- Average worker telecommutes two days per month
- 46% of telecommuters do so during the workday
- Most say telecommuters just as productive as other employees
PRINCETON, N.J. -- Thirty-seven percent of U.S. workers say they have telecommuted, up slightly from 30% last decade but four times greater than the 9% found in 1995.
These results are based on Gallup's annual Work and Education poll, conducted Aug. 5-9. Technology has made telecommuting easier for workers, and most companies seem willing to let workers do their work remotely, at least on an occasional basis if the position allows for it. Even though telecommuting has become more common, the growth in the practice appears to have leveled off in recent years. It is unclear how much more prevalent telecommuting can become because it is really only feasible for workers who primarily work in offices using a computer to perform most of their work duties.
Along these lines, telecommuting is much more common among those who have had more formal education, those who are upper-income and those who have white-collar professions.
While a greater percentage of U.S. workers now say they have telecommuted than in the past, telecommuting remains much more the exception than the rule. U.S. workers say they telecommute from home rather than go into the office about two days per month, on average. Nine percent of workers say they telecommute more than 10 workdays -- meaning at least half of all workdays -- in a typical month.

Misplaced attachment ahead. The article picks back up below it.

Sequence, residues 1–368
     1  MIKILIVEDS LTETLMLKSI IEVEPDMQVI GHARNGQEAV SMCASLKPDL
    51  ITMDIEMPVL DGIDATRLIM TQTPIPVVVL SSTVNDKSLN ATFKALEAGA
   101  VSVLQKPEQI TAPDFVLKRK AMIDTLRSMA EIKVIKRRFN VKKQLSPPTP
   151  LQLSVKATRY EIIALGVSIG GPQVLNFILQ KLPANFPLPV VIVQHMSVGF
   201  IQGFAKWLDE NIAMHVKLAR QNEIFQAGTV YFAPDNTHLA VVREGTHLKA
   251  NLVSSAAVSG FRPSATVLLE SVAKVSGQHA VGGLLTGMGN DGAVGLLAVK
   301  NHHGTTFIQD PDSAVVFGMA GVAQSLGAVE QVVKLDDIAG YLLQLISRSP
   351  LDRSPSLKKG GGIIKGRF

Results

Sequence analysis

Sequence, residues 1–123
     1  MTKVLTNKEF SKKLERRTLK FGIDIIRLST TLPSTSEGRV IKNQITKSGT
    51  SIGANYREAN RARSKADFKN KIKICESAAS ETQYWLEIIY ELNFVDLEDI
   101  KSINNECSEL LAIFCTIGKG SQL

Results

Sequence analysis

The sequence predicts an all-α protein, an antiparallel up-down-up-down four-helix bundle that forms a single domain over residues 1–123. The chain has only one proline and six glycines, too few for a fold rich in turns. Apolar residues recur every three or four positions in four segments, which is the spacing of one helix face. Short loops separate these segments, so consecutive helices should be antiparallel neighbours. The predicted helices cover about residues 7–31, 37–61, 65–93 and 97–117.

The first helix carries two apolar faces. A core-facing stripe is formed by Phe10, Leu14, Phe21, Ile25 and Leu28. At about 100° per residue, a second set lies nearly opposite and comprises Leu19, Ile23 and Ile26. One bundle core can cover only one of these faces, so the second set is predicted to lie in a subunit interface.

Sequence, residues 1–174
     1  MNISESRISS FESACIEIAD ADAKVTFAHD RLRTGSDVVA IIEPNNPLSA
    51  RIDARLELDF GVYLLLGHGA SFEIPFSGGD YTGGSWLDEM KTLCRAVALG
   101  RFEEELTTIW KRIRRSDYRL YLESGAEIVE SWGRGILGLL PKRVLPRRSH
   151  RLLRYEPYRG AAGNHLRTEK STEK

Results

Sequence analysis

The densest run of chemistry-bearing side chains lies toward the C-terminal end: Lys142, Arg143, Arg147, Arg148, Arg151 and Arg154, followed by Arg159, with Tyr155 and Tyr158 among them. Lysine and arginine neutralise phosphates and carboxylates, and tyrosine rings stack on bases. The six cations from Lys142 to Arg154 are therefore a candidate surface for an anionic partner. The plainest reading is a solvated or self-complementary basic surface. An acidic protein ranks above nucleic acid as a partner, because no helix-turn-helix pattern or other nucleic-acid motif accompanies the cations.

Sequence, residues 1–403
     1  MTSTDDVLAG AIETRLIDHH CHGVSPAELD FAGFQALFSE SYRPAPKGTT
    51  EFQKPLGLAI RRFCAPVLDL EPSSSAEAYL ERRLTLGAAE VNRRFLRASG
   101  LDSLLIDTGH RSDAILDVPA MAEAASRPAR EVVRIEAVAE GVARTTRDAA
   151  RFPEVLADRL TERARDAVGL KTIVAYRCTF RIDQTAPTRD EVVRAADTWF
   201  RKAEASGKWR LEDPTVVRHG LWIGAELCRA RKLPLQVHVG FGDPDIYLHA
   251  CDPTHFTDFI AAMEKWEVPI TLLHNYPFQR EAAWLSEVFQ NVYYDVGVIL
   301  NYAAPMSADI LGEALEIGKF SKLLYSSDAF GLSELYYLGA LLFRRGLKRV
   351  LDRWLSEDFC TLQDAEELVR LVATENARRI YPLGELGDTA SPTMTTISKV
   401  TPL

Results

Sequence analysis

Among the smaller group of workers who say they have ever telecommuted, the average number of remote workdays is 6.4, and 24% of this group telecommutes more than 10 workdays in a typical month.
The average number of workdays that workers telecommute has not changed much since 2006.
More Telecommuters Foregoing the Office
Telecommuting can take either of two forms. One, perhaps the way people typically think of telecommuting, is an employee working from his or her home office or a coffee shop during normal working hours instead of going into the office. But workers can also telecommute in addition to being in the office by logging on from home during evenings or weekends, when necessary.
In the past, more telecommuters said they most often telecommuted outside of working hours in addition to going into the office during the day. But now they are as likely to say they telecommute during the workday instead of going to the office. This represents a significant shift in the nature of telecommuting, from its use as a supplement to the normal workday to its use as a replacement for being in the office.
Americans Say Telecommuters Just as Productive as Other Workers
Since telecommuting became a reality for many U.S. workers, there has been ongoing debate about whether it is more beneficial or more detrimental to worker productivity. The majority of Americans, including both those employed and not employed, believe workers who work remotely are just as productive as those who work in a business office. The 58% holding this view is up from 47% the first time Gallup asked the question in 1995. This is offset by a drop in the percentage believing telecommuters are more productive than those who work in an office, from 28% to 16%. The net result is a similar proportion believing telecommuters are at least as effective as those who work in offices, given that the 20% who say telecommuters are less productive is essentially unchanged since 1995.